October's issue of the SFF magazine might be regarded as the "Chris Beckett special", as it includes a long interview with the British author plus three of his short stories. I have to confess I hadn't been aware of him before, but was intrigued by his background (as a social worker and now a university lecturer) and his transgenre approach to fiction. Not an easy interview to summarise, but I share his liking for marginal territories and other, hidden, worlds.
Poppyfields (by Chris Beckett, illustrated by Vincent Chong) concerns the relationship between Angus Wendering, an unambitious office worker, and two women; his ambitious wife and a mysterious girl who appears out of nowhere in a patch of wasteland called Poppyfields. This wasteland is central to the story; a large development site, locked in a legal tangle, which has reverted to a natural haven which attracts birdwatcher Angus to spend time there. The girl comes from an alternate Earth and has her own particular agenda. The story has charm, especially in the descriptions of Poppyfields, the flavour of which brought to mind Grahame Wright's Jog Rummage (reviewed on this blog a year ago) despite that being very different in other respects. My only criticism is that I found the ending a little too pat to be satisfying.
The way in which the compliant Angus is ruthlessly manipulated by both of the women in his life is amusing, and there is an echo of that in Beckett's next story, Greenland. This is illustrated by Warwick Fraser-Coombe, the illustration being repeated in colour on the cover. It is set in a grim future in which global warming has turned England into a semi-tropical land swamped by refugees from countries made uninhabitable by climate change. Juan Fernandez is one of these refugees, an educated man struggling to find any employment to enable him to support his demanding wife and their young child. The dream of everyone is to escape to Greenland, which is now a pleasantly habitable land. An opportunity arises to achieve this if Juan agrees to participate in an experiment using a matter replicator/transmitter to send a copy of himself to an orbiting space station, but there is an unforeseen consequence.
In Rat Island by the same author (illustrated by Daniel Bristow-Bailey) a man looks back at the photos he took as a young boy in an England which is only slightly in our future. The man's circumstances are not explained other than comments which indicate that fundamental changes have taken place; he describes our time as a period of:
"Incredible folly, blind recklessness, it all now seems – blazing electric light for no purpose at all except advertising and decoration – but it was a golden age, one of the pinnacles of history. We lived in a great global empire of light and plenty, fuelled by the ancient energy of ancient suns stored up over millions of years and burned up by us in one great, glorious hundred-year binge."
The focus of the story is on the boy's experiences as he and his younger sister visit their father, a prominent civil servant in a London which is, all unknowing, on the verge of disaster. His life is changed forever when his drunken father reveals to him exactly what is happening.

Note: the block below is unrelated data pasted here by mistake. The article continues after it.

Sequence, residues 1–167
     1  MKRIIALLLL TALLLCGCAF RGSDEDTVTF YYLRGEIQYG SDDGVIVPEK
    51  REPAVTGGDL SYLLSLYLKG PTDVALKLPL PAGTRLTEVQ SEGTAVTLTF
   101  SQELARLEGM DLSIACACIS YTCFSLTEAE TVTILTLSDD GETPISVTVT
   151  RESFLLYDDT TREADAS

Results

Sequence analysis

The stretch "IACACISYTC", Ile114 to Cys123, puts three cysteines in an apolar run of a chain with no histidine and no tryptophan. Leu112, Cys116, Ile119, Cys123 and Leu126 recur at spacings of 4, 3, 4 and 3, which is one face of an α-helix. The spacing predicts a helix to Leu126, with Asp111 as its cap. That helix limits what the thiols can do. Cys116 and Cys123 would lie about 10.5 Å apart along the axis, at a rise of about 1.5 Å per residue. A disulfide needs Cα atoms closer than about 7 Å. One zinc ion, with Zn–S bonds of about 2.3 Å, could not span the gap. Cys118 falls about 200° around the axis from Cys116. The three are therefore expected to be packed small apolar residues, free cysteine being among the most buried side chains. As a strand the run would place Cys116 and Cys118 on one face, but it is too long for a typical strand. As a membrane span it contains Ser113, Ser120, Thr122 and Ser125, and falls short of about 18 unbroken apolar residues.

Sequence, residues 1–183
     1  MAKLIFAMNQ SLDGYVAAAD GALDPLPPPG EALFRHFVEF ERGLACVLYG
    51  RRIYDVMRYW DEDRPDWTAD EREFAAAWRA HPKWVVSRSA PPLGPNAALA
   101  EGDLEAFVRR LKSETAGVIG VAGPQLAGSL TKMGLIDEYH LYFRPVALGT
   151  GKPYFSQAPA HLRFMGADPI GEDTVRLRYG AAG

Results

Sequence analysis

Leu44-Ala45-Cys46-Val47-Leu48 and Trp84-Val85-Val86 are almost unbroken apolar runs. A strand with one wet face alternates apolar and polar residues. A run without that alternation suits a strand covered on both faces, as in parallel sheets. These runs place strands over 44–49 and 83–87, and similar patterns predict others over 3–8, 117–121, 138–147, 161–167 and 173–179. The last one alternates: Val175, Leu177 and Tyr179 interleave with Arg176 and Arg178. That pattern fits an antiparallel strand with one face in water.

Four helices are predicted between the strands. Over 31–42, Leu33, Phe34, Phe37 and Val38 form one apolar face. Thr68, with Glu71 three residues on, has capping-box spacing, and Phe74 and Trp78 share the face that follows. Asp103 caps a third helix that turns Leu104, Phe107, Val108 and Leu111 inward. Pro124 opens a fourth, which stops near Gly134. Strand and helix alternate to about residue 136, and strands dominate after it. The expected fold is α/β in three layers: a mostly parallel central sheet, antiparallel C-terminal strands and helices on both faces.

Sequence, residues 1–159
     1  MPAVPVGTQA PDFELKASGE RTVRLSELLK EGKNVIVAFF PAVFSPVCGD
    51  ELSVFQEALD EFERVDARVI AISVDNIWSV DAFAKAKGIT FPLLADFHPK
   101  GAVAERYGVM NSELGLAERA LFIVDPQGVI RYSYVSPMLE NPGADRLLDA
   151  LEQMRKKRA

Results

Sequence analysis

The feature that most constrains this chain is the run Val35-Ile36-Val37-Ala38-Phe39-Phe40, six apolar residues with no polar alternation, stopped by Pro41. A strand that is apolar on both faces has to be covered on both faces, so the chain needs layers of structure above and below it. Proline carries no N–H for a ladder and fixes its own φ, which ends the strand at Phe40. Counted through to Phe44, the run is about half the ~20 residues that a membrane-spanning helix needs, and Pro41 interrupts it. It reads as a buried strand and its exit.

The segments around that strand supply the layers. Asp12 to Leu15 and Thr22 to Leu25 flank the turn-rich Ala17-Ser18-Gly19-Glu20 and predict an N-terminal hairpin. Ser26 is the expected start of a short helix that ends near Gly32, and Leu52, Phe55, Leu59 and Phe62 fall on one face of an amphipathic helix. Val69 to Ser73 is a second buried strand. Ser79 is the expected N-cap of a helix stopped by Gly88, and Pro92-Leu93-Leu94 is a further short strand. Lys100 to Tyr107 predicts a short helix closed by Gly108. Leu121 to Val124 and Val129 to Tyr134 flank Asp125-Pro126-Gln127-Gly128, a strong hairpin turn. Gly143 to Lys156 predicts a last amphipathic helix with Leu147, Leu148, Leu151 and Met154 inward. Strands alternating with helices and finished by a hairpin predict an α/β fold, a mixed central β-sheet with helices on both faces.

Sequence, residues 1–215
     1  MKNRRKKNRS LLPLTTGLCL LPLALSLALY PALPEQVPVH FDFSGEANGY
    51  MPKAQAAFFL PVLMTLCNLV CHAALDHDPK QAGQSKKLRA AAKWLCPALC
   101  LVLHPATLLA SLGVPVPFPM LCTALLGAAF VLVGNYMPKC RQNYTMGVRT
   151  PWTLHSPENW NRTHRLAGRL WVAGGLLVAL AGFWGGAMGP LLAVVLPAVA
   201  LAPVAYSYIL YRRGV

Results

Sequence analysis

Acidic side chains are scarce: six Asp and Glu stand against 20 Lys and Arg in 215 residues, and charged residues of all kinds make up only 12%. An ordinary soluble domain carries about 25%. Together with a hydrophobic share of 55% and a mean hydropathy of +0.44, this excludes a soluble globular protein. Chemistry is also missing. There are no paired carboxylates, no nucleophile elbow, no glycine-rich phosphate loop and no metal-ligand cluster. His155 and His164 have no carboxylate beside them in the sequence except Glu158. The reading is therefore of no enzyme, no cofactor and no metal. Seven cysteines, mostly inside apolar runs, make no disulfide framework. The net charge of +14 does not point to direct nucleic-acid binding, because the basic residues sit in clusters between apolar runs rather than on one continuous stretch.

These last two stories were as intriguing and well-written as the first, but I found their dark mood a bit depressing; I don't mind reading such stories occasionally, but I prefer them to be surrounded by less gloomy tales.
There are three other stories in this issue.
IF, by Daniel Akselrod and Lenny Royter, concerns a brain insert known as the IF Chip, which creates an imaginary speaking companion (usually in toy animal form) programmed to teach, guide, and be a friend to children; a great boon for busy parents. The problem is that when the chips are removed in adulthood, the companions refuse to go away. The plot concerns the attempts of Richard, a medical scientist, to cope with his intrusive toy camel while struggling to develop a serum which will banish such companions for good. An amusing tale, well told, with a rather old-fashioned feel (which is not a criticism).
His Master's Voice by Hannu Rajaniemi, illustrated by Paul Drummond, is a strange tale of an intelligent talking dog and his equally modified cat companion who are searching for the master who adapted them and who has been incarcerated for his crime of creating a clone of himself. I never did entirely figure out what was going on.
The Corner of the Circle by Tim Lees (illustrated by Warwick Fraser-Coombe) is offbeat in a different way. A teenage boy occasionally visits a relative in a near-future New York, and forms a relationship with an intriguing woman who becomes an honorary aunt. The focus is entirely upon this relationship, and the visits by aliens using a nearby portal as a transport nexus for their spaceships seem peripheral to the plot.
The rest of the magazine contains the usual news and reviews, including an interview with Charles Stross. At least the stills from the films reviewed include only two pictures of characters holding guns this time; last issue there were four, which seems a little excessive (especially since one picture included two of them). I have nothing against guns – I shoot them when I get the chance – but I do find Hollywood's preoccupation with them somewhat tiresome.